How To Make A Sourdough Starter:
  • ·         1 or 2 of Grapes with stem attached (wild/organic)
  • ·         4 Cups All-Purpose Flour
  • ·         Lukewarm water (filtered, spring, or boiled and cooled)
  • ·         1 tablespoon sugar or honey (or another natural sweetener like agave)
  • ·         Large Jar or bowl
  • ·         New pantyhose that have been thoroughly washed in hot water and vinegar or cheesecloth
  • ·         Coffee filter, Paper towel, or tea towel
  • ·         Rubber band, canning jar ring, or string
Two Loaves Down - Free form has potato and both were yummy!
Place 2 cups of the AP flour into the jar or bowl with ½ cup to 1 cup of water. You are basically making a thick pancake batter consistency. After washing your grapes and leaving the stems attached, you’ll want to place them into a pair of pantyhose or secure them inside a bundle of cheese cloth then place in the jar.

Using the back of a spoon, smash some of the grapes up while mixing into the batter.
Cover the jar with a tea towel and rubber band or coffee filter and canning ring to keep dust/bugs/and other ickies out. Place the bizaar mixture out of the way on or in the cupboard where there are no cool drafts. The next morning give the mixture a good stir and let sit for another day.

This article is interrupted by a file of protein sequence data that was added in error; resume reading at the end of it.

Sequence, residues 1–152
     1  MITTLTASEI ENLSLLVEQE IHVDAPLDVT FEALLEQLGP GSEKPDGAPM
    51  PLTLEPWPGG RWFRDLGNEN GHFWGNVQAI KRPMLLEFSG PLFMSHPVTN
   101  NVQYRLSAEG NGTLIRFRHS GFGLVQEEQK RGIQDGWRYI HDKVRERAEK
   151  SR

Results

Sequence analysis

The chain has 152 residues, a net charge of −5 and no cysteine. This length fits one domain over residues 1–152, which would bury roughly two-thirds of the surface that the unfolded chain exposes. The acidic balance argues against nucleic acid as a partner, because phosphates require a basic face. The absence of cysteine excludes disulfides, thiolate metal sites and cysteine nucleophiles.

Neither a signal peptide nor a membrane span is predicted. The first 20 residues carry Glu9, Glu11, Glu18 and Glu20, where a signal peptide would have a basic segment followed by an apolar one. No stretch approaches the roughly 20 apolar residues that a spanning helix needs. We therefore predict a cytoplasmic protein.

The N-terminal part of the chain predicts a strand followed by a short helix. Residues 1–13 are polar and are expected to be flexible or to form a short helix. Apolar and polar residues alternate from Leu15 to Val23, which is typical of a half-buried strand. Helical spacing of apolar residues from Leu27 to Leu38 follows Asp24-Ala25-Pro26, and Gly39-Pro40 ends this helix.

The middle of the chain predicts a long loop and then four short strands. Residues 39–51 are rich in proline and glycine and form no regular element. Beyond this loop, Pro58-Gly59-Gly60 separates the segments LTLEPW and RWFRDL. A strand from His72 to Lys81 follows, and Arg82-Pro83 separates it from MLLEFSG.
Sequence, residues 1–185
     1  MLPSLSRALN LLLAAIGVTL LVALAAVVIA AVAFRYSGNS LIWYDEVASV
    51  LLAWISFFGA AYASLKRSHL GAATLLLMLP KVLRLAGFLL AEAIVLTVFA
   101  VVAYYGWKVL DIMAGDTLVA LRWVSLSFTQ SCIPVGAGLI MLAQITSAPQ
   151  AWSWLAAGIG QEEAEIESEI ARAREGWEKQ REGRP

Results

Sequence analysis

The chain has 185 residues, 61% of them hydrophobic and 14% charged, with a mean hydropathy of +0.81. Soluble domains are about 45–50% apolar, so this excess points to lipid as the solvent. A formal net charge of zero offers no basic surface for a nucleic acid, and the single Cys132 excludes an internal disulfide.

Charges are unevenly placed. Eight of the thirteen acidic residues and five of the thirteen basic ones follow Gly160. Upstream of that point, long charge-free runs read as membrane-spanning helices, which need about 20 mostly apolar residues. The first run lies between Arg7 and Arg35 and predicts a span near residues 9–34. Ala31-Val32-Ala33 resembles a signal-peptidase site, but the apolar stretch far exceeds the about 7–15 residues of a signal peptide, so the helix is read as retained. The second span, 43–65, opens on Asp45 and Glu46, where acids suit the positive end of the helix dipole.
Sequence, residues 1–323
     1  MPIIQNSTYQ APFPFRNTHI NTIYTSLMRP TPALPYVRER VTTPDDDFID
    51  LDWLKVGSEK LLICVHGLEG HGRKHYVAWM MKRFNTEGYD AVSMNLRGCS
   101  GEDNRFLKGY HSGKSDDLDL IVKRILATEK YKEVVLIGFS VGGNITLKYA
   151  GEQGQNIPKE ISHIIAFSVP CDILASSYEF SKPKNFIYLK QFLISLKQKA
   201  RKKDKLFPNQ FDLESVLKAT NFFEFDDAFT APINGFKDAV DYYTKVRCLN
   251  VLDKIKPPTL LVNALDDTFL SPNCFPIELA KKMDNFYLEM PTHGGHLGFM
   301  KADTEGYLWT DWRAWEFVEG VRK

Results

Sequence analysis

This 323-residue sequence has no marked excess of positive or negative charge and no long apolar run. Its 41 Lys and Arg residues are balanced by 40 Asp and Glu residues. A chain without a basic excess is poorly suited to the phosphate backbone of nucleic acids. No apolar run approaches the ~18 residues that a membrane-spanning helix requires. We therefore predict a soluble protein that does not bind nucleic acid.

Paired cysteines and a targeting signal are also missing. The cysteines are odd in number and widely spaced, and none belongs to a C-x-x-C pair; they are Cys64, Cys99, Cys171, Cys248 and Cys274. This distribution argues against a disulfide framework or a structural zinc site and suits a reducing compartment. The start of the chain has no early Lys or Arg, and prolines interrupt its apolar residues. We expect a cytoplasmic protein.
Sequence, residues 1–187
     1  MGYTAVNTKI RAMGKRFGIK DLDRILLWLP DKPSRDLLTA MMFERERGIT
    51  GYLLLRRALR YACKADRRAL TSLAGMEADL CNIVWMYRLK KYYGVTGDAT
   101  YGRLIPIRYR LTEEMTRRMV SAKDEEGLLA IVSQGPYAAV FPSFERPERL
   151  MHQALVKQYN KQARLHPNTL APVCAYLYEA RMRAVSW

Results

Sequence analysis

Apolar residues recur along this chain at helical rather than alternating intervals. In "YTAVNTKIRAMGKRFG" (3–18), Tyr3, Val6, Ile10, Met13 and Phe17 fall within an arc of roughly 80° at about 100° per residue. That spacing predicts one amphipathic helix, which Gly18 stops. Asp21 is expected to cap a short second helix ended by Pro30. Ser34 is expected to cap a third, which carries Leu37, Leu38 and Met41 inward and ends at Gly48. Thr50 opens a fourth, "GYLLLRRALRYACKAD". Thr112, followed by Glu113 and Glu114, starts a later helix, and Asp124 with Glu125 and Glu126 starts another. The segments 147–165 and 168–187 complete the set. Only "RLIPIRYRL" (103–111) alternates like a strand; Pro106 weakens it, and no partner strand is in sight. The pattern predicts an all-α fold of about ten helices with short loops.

When you see bubbles and activity you know you are on the right track. A whey like liquid separates from the batter and it is time to remove the grape sachet and start feeding your new starter. You did this by stirring in 2 more cups of flour, the sugar, and a cup or 2 of lukewarm water. DON’T use cold water! There are living yeast in this jar which make the numminess that is fresh sourdough bread happen.
Cover the jar again with a clean tea towel or coffee filter and place it out of the way until you witness clear signs of fermentation. (bubbles and sweet but soury smell) you may have to give the batter a stir. Continue letting things become more lively in the fermentation department for at least 3 or 4 days. When you have achieved a sour aroma and/or taste if you’re brave enough, then put your jar with a lid into the refrigerator. As I stated this mixture is pretty resilient and will survive by staying dormant for quite some time in between feedings.
A feeding consists of you adding a flour and water slurry (I prefer a thicker one) to your starter every time you remove some. i.e. If your recipe calls for removing two cups of starter, you’ll replace it with two cups flour 1 ½ cups water mixed together and poured in. You could also just add to the jar then mix. It’s important to distribute the yeast from the bottom to the top every once in a while.